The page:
y n+1 = F(y n )

where yn+1 and yn represent points in the m-dimensional Euclidean space that the phase space lies. Knowing the present state of the system yn it is possible to predict one step into the future yn'+1; since the function F describing the evolution of the dynamics is continuous, a past state yn' very close to the present one is taken and its image yn+1 is used as the predicted value. Because all interpoint distances are contaminated with an uncertainty due to the finite resolution of the data, all points in the phase space closer than a distance r are equally good for predicting yn+1. By forming a neighborhood u(†) of radius r around yn, the final predicted value will be the arithmetic mean of all the images yyn'+1. The nonlinear prediction error can then be defined as [13,14]

γ= [ y n+1 ( 1 | u () | y n'+1 ] ) ] 2

where |u(†)| is the number of points inside the neighborhood u(†). Since the primary assumption of the method described above is that the signal is deterministic, its application to a time series generated by a linear process with no structure in the phase space (like the surrogates), is expected to yield a larger value for γ.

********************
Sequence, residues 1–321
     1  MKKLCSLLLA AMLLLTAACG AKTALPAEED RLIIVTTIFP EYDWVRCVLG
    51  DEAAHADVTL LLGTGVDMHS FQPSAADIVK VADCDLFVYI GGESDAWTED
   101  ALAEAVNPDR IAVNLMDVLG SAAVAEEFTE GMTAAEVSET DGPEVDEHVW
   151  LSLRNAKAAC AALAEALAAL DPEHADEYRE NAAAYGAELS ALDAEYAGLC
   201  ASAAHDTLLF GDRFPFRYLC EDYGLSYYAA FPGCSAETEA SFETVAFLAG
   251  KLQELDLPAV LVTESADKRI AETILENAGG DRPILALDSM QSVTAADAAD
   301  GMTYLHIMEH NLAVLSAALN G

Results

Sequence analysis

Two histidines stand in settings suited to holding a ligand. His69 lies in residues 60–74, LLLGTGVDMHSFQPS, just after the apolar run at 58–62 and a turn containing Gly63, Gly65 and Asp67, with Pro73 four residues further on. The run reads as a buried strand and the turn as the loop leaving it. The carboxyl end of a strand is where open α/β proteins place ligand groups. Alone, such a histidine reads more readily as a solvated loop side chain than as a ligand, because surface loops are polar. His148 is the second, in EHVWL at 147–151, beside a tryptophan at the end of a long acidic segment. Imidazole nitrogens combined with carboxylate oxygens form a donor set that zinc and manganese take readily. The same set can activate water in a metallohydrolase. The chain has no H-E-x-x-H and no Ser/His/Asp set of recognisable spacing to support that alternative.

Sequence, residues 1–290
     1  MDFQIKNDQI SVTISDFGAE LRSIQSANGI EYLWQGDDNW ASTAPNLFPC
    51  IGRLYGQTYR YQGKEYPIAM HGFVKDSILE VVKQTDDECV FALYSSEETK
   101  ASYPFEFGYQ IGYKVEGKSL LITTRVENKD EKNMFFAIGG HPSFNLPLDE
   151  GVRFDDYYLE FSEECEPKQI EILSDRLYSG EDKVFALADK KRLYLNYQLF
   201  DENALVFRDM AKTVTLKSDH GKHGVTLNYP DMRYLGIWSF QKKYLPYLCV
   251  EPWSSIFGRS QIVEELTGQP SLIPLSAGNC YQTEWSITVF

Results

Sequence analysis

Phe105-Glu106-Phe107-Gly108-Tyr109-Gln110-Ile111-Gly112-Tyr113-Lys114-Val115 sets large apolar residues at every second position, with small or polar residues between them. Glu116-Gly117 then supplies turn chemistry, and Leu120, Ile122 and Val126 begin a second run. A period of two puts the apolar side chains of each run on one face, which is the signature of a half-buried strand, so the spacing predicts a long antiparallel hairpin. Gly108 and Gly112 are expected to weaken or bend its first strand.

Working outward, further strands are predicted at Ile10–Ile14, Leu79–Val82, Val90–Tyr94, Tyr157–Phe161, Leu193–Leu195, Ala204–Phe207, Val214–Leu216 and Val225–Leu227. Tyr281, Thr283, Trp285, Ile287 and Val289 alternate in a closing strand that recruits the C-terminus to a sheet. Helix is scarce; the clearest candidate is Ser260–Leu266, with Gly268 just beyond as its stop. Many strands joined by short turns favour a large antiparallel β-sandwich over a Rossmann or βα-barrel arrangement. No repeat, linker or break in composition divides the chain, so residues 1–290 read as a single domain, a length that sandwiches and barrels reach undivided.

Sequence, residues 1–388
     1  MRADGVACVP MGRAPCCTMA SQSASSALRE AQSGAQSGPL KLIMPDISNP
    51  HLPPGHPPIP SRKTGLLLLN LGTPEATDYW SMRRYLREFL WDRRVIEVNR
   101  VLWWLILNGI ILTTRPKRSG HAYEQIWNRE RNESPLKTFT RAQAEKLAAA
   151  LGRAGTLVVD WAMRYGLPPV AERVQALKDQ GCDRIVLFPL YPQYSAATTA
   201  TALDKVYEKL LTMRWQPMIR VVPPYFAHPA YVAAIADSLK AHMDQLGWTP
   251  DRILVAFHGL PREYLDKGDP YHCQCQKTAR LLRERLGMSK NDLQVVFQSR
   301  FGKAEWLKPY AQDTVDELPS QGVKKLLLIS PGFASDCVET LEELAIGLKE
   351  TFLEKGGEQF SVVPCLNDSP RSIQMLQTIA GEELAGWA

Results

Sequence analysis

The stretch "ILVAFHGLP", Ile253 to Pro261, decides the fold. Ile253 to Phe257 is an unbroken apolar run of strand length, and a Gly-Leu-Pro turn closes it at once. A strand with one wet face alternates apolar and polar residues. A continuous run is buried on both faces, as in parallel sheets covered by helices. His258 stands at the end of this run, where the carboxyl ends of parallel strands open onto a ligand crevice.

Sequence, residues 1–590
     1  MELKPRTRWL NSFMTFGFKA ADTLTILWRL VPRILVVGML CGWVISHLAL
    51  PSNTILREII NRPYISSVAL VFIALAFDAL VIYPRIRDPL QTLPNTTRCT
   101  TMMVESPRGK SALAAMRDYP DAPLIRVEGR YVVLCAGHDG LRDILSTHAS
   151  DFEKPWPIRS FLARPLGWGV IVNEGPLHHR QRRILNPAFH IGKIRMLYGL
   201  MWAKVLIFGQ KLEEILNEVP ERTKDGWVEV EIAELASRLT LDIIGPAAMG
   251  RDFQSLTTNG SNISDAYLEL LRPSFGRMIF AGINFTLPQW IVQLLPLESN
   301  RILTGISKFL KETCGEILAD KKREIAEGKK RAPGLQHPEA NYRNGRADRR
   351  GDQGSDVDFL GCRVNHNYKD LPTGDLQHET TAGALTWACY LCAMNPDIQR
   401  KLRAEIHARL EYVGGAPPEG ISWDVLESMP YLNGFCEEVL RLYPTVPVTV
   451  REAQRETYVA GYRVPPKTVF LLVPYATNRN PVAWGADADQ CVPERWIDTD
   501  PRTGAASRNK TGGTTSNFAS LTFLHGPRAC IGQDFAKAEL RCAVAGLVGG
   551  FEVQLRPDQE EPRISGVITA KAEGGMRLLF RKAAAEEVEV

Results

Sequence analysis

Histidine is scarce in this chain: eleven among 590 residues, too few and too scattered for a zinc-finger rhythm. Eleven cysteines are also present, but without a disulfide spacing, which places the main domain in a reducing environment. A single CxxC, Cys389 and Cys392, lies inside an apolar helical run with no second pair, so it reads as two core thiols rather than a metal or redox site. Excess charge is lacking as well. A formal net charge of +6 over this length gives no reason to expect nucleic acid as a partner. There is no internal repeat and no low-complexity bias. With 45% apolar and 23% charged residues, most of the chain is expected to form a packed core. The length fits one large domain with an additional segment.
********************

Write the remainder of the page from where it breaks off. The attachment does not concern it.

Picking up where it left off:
The surrogate statistical test is posed as the formulation of a null hypothesis that states that the data are generated by the process described by equation 1. This hypothesis can be rejected only in the case when the data have a smaller nonlinear prediction error than their corresponding surrogates. The level of significance of this rejection is given by (1 − α)×100%, where α is the probability of a false rejection [13]. Then the number of surrogates that have to be generated as a function of α is 1/ α − 1. If we aim for a significance level of 95% (α = 0.05), then 19 surrogates have to be generated for each tremor event tested. This test is only suitable for broadband tremor, as the null hypothesis assumes that the time series is linearly filtered noise; on the contrary, chugging events have a strong periodic component which is incompatible with this null hypothesis.